In His Own Words: A Teen’s Life-changing Experience »
I will keep my eyes open and find peace in the knowing that I may never have proof of a God. What I do have is the power to create my own reality and find the God within myself.
By Lincoln Rogers, Bodhi Spiritual Center in Chicago, Illinois
My experiences with the CSL teen camps have had a profound effect on me. In fact, I am applying to colleges with the following essay, entitled “Is God Real?” These insights are a direct result of the time I’ve spent in the Bodhi teen group, and why I continue to be engaged with the group. My time with the Bodhi teens and my trips to camp in particular help me get emotionally rebalanced. I’m especially looking forward to the 2018 Winter Camp because it will be my last year to attend. I want to reconnect with friends that I’ve made the last three years and solidify meaningful relationships that will continue into college.
In addition to growing personally and spiritually, I believe that my time at camp allows me to bring the values of spiritual practice to the cadets I lead through JROTC. I find that I can incorporate higher ideals when I’m counseling and mentoring cadets.
I would like to be considered for financial assistance this year because this is a particularly stressful period. I have many costs associated with college applications, plus, my growing independence means that I have to pay for a lot more things while, at the same time, I’m doing a lot of extracurricular activities and fitting a lot into my schedule, giving me less time to work and earn money. Thank you for inspiring this essay.
Is God Real?
I opened my eyes to furtively glance at the people around me. We were seated under a canopy of trees on top of a mountain in southern California, at a camp for the Centers for Spiritual Living Teen Program. As my eyes darted around before closing again, I couldn’t help feeling removed from the activity at hand. We were being led through a visualization in which we were asked to envision our higher selves, and I was once again feeling an instinctive reaction of boredom and slight restlessness. The source of my reaction was the age-old argument: Is there a higher power? Is God real?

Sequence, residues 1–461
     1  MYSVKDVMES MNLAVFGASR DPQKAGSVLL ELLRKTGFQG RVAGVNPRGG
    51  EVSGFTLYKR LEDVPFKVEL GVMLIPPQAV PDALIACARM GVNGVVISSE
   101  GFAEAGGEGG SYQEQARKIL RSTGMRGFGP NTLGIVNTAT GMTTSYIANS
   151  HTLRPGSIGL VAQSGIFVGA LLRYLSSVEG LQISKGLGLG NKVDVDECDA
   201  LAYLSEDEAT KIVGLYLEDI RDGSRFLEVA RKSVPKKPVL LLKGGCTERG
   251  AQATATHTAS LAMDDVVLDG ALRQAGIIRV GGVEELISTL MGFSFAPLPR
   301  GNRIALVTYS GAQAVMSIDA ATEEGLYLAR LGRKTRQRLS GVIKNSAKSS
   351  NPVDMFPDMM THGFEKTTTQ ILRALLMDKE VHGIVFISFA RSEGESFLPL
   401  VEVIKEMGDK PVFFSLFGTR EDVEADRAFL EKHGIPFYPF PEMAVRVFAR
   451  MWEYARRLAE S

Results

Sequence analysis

I have always felt that there is something more than the material world, something that connects us to each other in ways that we cannot explain. Some attribute this to an all-knowing deity who pulls the strings behind the scenes. Some reject the notion that there is anything more than the human mind and scientific rules governing the behavior of the world. Some find a balance between religion and science. I can’t bring myself to accept that there is a sentient being making decisions for me, but I do believe there is an intangible driving force inside of me, something that I share with others, that I have influence over.
Though I share this mysterious force with others, looking outside myself for evidence of it leads to confusion rather than clarity. My father is an agnostic; my mother spends an hour every morning in spiritual practice. God is described as being loving and accepting by some, and others use it as a justification for violence.
How then, in the midst of contradiction, can we prove the existence of God? Those who thoughtfully debate a higher power must realize that forgoing religion for science still comes from a place of faith. Their belief simply lies in the scientific method rather than in the spiritual realm. The unknown is the origin of both God and science. Albert Einstein said that there is beauty in the unknown. He also said, “There are only two ways to live your life. One is as if nothing is a miracle. The other is as if everything is a miracle.”
This way of viewing life sounds beautiful. I would love to live in hopeful wonder and endless possibility. But I’m ruled by a rational mind, and I want concrete explanations. Stephen Hawking believes that “there is no aspect of reality beyond the reach of the human mind.” That is to say, there cannot exist what we cannot know. So if all that exists is bound by our reality, are we not gods in our own right?
My search for God has to begin with the knowledge that I am always creating my own reality. My thoughts, conscious or subconscious, determine the way that I experience my life. I find solace in this when I am struggling with doubts and fears, but the truth is that my need for a belief dictates the content of my belief. One could argue that we create our own perception of God based on what we need, whether we worship spirit or science. Those who need to find comfort in a higher power will create for themselves a deity.
God is a part of us; not a person, but the curious and creative impulse that pushes us to learn, to expand in the universe. To thoughtfully discuss this, there has to be a common ground. There are those who stand by science, and those who insist on a higher power, but there is one thread that unites them: faith. There must be faith in the unknown. Religion is built on faith through personification, and science inspires faith through experimentation. In order to truly discuss what can never be proven, the unknown has to be recognized. One has to open his eyes to his doubts. When it comes to religion, the first thoughtful discussion needs to be with oneself.
I ask myself, if I were to imagine a perfect God, what would it look like? It would be a rational God. It would be an understanding God. I believe that if there is a God, it is comprised of a loving heart and a scientific mind.
I will keep my eyes open, and find peace in the knowing that I may never have proof of a God. What I do have is the power to create my own reality and find the God within myself.